Chop is a term in poker that has many different meanings. The meaning being used depends on the context:
Split A Pot
The most common usage is "to split a pot and award it to more than one (tied) winner". This is common in games like Hold 'em where the existence of community cards leads to a greater frequency of equal hands.
Chop is not used as a term when a pot is split between high and low in a hi-lo split game like Seven-card stud hi-lo. In games like those, players merely talk about "winning high" and "winning low", or "scooping" (winning both). If, however, the high or the low half of the pot is itself divided among more than one player, it could be called "chopping" that portion of the pot, though it is more often referred to as "quartering", for the obvious reason that we're down to a quarter of the total pot now.
Tip A Partial Chip
In games where chips are of a denomination higher than $1 (for instance, a $20/$40 game played with $5 chips), players who wish to tip the dealer an amount that is less than one chip will toss the dealer a chip of any particular denomination and ask the dealer to "chop it". The dealer will break the chip into smaller denominations, including one or more $1 chips, will keep one $1 chip, and return the rest to the player as "change" for the tip.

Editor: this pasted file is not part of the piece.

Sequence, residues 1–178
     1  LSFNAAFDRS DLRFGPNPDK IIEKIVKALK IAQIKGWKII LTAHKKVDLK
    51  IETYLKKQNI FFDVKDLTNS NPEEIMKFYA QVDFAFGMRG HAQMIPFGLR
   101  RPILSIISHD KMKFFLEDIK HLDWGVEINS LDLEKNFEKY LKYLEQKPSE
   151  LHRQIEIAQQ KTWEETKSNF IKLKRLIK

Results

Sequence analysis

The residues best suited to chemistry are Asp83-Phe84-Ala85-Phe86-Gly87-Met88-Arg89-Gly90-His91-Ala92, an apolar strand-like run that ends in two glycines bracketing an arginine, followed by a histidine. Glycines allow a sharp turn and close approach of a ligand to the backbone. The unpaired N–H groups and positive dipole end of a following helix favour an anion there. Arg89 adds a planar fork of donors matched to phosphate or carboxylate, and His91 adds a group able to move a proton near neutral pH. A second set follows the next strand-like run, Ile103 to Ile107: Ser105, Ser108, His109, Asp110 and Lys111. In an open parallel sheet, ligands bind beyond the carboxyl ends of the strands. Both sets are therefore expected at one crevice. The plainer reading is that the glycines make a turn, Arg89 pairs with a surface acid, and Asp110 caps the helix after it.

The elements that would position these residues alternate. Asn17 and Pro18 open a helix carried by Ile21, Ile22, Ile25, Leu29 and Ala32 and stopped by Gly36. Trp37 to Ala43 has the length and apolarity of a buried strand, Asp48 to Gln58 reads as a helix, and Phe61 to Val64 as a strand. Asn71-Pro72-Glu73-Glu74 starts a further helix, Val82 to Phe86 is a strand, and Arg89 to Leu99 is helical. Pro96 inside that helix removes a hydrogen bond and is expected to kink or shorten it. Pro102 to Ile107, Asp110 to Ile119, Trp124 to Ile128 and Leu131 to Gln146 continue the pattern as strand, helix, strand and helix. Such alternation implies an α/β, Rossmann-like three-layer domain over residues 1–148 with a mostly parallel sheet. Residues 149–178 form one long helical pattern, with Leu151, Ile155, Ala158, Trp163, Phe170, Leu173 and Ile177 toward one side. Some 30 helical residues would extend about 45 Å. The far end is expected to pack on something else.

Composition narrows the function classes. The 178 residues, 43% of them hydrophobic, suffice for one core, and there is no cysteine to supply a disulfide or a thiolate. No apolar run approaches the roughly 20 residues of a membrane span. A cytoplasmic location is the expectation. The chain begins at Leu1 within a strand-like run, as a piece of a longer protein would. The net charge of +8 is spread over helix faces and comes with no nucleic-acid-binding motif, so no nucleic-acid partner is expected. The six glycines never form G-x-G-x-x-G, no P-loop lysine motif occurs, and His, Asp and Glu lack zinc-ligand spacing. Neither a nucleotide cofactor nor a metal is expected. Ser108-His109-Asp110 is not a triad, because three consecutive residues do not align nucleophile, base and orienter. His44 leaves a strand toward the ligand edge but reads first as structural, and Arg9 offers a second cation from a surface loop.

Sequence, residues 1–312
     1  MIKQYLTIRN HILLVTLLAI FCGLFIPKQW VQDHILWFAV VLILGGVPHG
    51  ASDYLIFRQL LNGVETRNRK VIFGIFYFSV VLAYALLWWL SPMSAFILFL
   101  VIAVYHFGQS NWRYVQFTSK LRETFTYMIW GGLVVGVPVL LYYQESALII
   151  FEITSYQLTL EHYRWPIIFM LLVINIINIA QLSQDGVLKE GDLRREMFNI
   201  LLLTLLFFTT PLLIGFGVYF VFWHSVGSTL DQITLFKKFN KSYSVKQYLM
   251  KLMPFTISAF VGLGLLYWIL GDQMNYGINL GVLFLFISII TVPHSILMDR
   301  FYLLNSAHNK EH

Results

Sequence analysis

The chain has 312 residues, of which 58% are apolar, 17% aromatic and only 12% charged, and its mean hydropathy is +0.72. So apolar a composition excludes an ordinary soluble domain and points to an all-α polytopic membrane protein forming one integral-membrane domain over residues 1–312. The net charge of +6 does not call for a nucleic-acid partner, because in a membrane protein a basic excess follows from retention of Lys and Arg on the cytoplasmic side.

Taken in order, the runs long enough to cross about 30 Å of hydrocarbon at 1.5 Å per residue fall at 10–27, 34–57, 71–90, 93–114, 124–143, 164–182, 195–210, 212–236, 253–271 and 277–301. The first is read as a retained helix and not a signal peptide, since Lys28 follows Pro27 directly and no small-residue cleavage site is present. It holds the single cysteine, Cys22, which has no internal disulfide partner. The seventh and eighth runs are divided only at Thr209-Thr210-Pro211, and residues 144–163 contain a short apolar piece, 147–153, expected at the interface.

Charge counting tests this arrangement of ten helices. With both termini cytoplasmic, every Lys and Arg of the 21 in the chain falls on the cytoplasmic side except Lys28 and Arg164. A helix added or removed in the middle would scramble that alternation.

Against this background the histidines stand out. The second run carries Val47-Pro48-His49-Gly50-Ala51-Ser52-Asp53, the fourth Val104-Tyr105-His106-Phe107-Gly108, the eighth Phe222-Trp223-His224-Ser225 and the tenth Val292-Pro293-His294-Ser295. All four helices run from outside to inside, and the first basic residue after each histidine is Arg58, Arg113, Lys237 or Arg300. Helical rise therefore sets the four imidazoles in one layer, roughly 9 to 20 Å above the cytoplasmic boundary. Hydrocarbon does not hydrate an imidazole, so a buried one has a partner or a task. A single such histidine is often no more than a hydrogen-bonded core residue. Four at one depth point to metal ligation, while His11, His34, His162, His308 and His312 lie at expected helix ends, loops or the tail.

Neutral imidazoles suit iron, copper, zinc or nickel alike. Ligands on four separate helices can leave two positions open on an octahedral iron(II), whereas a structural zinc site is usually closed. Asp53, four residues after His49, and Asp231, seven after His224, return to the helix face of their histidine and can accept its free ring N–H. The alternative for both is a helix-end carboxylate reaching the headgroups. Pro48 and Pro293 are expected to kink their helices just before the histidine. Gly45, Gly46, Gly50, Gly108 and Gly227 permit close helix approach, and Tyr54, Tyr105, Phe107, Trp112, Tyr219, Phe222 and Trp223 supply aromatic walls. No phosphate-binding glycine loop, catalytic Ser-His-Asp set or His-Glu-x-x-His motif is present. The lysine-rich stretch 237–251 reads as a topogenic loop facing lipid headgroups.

Asking the dealer to chop a tipped chip is implied to mean you want to tip the dealer $1, a standard tip amount. If you wish to tip them more, you simply toss them back some of the change they hand you (or tell them up front "keep $2 of it"). In low-limit games at Foxwoods, players may hand the dealer a $2 chip and say, "Me and you," to indicate that they expect $1 in change.
Cancel a Hand by Having Both Blinds Withdraw
In California, due to the fixed-fee rake structure imposed by state law, it is often advantageous for the small blind to simply sacrifice the rake (if any) from their blind if all other players have folded to them, and withdraw the remainder. This has come to be known as a "chop", and is considered courteous (and may even be financially to the small blind's advantage -- see the rake page for more details). Since it is essentially robbing the big blind of the remainder of the small blind (remember that the small blind could always simply fold and donate their blind amount to the big blind), it requires approval of both blinds. But the big blind, unless they have a big hand, often realizes that having the small blind call and then playing out the hand could result in a net loss to both blinds, with only the house rake coming out ahead. This is usually only true given the (relatively large) fixed-fee rake structure found in California, but even outside of California, the blind players may sometimes chop a hand in order to save time and be courteous. Chopping etiquette holds that consistency is the most important virtue, so that even a powerful hand should be chopped if one has chopped previously with the same opponent or has agreed to do so.
Interestingly, some casinos may prohibit chopping in this way (for example, the Mandalay Bay has a house rule that prevents chopping). I'm not sure why, but it's always best to ask the dealer as well as the other blind if you'd like to chop.
- Chop-chop? (2+2, April 2006) - discussion of merits and etiquette of canceling the hand